June 7, 2005

In this Issue:

• Director’s Welcome
• Video Clips from Our New Film, Acting on Faith
• The New Religious Pluralism and Democracy Conference
• Current Issues in Interfaith Work
• URI-NAIN Conference, August 12-16, 2005
• Jewish Interfaith Endeavors: OrthodoxIn general, orthodox means having a “correct opinion or outlook” and is a term used by people in many religions who claim authority for traditional views and forms of their religion. JudaismJudaism is the worldview, the way of life, and the religious practice of the Jewish people, living in covenant with God and in response to Torah, the laws and ethics which guide the pattern of Jewish life. Jews today interpret their three thousand year ol...
PresbyterianPresbyterian is the general name for churches governed by elected presbyters or elders and refers especially to Reformed churches in Scotland and England that shaped Presbyterian churches worldwide. The church is distinguished both from those in which aut... Women and Pluralism
• Religious Diversity News: National Day of PrayerPrayer is the vocal or silent address to the Divine. It may consist of fixed words, spontaneous words, or rest in silence with no words at all. Some forms of prayer are accompanied with specific postures or gestures, while others are not.

Director’s Welcome

Welcome to the new format of our Pluralism Project occasional newsletter. We hope to send you an update once a month as we continue to study America’s changing religious landscape and the intellectual, religious, civic, and political encounters that are shaping America’s new pluralism.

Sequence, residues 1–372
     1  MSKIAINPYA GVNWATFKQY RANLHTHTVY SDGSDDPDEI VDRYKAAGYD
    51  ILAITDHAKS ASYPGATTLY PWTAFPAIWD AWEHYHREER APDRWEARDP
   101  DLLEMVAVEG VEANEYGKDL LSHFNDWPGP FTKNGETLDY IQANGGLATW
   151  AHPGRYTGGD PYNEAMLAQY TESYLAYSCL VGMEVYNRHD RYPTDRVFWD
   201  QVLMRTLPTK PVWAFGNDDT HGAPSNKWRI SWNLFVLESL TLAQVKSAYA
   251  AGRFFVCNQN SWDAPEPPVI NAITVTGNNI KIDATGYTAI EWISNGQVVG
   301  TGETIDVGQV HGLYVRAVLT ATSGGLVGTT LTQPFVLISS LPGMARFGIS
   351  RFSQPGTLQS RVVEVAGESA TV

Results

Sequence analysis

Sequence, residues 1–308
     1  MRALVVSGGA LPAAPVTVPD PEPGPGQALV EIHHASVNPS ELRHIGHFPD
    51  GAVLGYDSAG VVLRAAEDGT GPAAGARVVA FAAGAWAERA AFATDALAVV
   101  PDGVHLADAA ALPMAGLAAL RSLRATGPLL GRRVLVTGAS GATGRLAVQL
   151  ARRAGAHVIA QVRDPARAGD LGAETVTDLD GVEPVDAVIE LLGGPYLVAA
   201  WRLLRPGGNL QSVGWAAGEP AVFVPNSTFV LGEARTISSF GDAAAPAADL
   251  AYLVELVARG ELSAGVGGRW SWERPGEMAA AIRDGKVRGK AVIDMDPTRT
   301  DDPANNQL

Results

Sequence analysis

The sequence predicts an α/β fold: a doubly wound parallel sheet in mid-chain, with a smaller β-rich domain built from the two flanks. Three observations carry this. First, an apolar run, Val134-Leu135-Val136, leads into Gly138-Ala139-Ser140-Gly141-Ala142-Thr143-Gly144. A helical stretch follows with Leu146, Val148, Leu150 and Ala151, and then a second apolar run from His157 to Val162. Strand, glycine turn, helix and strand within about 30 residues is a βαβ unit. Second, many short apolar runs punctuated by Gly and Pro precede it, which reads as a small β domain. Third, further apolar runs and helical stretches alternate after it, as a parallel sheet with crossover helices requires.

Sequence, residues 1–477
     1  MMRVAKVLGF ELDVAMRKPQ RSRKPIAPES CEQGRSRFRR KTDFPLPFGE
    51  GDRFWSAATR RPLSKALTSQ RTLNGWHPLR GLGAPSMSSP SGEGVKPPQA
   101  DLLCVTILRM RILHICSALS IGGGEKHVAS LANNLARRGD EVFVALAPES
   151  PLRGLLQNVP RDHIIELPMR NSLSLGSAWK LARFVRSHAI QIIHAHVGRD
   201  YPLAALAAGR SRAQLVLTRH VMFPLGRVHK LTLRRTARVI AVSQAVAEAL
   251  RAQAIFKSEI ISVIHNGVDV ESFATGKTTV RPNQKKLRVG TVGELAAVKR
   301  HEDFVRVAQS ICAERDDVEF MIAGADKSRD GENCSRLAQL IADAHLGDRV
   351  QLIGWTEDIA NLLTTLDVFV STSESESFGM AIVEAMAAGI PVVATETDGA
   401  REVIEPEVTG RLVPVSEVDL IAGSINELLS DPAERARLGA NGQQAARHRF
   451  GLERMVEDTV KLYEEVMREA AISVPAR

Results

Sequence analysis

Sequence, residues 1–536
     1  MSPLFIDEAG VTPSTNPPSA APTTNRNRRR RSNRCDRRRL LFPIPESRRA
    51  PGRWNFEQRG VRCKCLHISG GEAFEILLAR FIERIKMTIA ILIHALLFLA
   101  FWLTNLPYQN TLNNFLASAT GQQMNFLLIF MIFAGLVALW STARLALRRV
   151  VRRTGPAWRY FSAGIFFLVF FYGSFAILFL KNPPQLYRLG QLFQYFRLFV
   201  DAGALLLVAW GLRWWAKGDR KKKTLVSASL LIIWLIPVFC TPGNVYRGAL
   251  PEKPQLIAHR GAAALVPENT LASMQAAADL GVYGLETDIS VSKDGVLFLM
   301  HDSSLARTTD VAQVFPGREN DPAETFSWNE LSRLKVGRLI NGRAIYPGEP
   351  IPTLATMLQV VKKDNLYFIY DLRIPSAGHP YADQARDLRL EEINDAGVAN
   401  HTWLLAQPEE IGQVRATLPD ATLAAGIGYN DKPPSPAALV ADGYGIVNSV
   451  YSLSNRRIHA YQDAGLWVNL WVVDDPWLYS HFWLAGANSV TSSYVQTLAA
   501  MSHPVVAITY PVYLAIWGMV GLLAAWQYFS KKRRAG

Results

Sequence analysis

The Pluralism Project is beginning to hum with the energies of our new summer interns and our continuing Harvard research staff. As of this month, we also welcome Kathryn Lohre to our full-time staff as Research Manager. She has documented the work of our Women’s Religious Networks initiative in a wonderful article for the current issue of the Presbyterian women’s magazine, Horizons, as you can see below.

Please stay in touch this summer with news and suggestions.

All the best,
Diana L. Eck

Video Clips from Our New Film, Acting on Faith

[ Image: Logo for film ]

Short video clips from the Pluralism Project’s new film, Acting on Faith: Women and the New Religious Activism in America are now available online. We’ll keep you posted about screening and purchasing opportunities.


The New Religious Pluralism and Democracy Conference

Director Diana L. Eck presented a paper at The New Religious Pluralism and Democracy Conference, sponsored by Georgetown University’s Initiative on Religion, Politics and Peace. Her paper, “American Religious Pluralism: Civic and Theological Discourse” is available online, as are the entire conference proceedings.


Conference Program and Papers

Current Issues in Interfaith Work

The spring 2005 issue of Crosscurrents is devoted to the topic of Interfaith work. Many of the articles are available online including an article by Managing Director GroveSacred groves have historically been among the most important sites for Pagan worship. In Druidism, trees are thought to have specific attributes that contribute meaning to the site where they grow. Contemporary Druid groups are often called “groves.”... Harris, “PaganThe term “pagan” (from the Latin paganus) originally meant “peasant” or “country dweller.” For many Pagans, the term suggests a life lived close to the land. Today, nature spirituality is an important thread in contemporary Paganism. Some Paga... Involvement in the Interfaith Movement.”


Crosscurrents Spring 2005 issue

URI-NAIN Conference, August 12-16, 2005